5 Ways To Develop a Culture of Coaching Through Language

In my work as a consultant in schools around the country, I’ve seen first-hand the power that effective coaches can have on teachers and ultimately, students. Establishing a culture of coaching is more than simply training coaches to support new hires or conduct grade-level observations. Receiving feedback, as much as people will say they welcome it, translates much differently when it actually happens.  As a part of an organization that presents an innovative way of establishing a positive classroom culture, during in-service days or in conversations, educators will often express how excited they are about learning a new approach and how they can’t wait to get started.

However, I often find that when folks are observed, or walkthroughs are taking place, we start to see anxiety, push back and even sudden schedule conflicts that impact coaching sessions. As educators, most of us express a desire to improve our craft, but putting ourselves out there in a culture that isn’t used to feeling safe around feedback can make hiring and training any coach or PD expert a waste of resources. Without an intentional plan to develop and foster a culture of collaboration and coaching, the best methods and training won’t translate into results.  All too often, when coaching is placed upon teachers in a school without this culture, it can actually set them back.

As my colleague wrote recently, a culture where transparent feedback is normed among leaders and teachers alike, and coaching is a consistent part of each week, helps a school to be more effective overall, and helps educators put a growth mindset into practice. This takes intentionality on the leader’s part to guide the school to that place.

Many of the leaders I’ve worked with, while fully bought into the value of coaching, have struggled with knowing exactly how to create this culture in their schools so that coaching is impactful. I’ve found that the key is to set the stage by using effective and consistent context setting and then implementing it with careful and deliberate language. Too much feedback, or jumping into a feedback session without knowing a teacher’s mindset can derail your efforts and make the teacher feel like coaching and collaboration is evaluative and too risky to engage in. To aid administrators in using language effectively, I’ve created a list of strategies to create a strong culture of coaching that will last throughout the year.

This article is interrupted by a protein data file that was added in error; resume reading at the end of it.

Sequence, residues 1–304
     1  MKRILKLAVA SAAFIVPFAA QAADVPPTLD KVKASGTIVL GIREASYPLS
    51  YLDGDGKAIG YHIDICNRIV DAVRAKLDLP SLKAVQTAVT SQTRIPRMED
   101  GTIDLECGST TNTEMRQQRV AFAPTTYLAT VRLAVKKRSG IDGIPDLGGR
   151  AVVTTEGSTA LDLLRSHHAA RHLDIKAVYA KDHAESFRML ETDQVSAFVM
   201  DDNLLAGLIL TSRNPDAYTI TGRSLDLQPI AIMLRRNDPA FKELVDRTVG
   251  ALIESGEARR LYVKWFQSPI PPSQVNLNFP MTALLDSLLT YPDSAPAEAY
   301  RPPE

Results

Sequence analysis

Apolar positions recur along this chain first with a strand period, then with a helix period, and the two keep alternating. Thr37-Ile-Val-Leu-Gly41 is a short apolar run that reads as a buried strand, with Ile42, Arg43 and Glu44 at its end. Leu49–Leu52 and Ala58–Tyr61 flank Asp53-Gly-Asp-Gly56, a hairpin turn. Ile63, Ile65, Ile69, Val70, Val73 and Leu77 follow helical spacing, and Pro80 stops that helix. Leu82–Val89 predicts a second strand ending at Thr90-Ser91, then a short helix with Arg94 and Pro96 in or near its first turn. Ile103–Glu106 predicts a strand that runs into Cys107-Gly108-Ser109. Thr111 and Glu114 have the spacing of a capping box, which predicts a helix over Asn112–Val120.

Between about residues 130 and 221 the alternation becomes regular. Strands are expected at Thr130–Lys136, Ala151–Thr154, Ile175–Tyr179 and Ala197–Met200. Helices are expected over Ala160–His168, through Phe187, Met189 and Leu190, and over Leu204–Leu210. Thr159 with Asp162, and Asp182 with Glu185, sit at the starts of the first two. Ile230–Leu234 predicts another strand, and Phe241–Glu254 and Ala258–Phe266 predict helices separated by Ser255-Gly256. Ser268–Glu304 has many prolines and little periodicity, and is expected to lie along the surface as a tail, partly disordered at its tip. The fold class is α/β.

Limit the number of items in the feedback you provide colleagues.
Effective leaders must commit to using clear language with a concise but high yielding suggested next step. This is not a time to go over each piece of the observation and analyze every move, as you may during an evaluation.  Consolidate your messaging into a theme and give one key lever to change that will spark a big result. This feedback should allow your colleague to experience quick wins right away versus giving too much feedback that could leave them feeling defeated and/or overwhelmed. Let’s review an example here: Let’s say your teacher struggled to get all students on task and engaged. This happened multiple times in the observation, but you decided to consolidate your feedback into one example that represented the “theme” and knew that this next step would be a good starting point to guide the teacher to. This can sound like: Today you had almost every student engaged in the collaborative learning activity and those who were working had clear expectations. For the few who weren’t working, use positive narration and notice those working around them so they can self-regulate and get on task.


During coaching conversations, use asset-based language.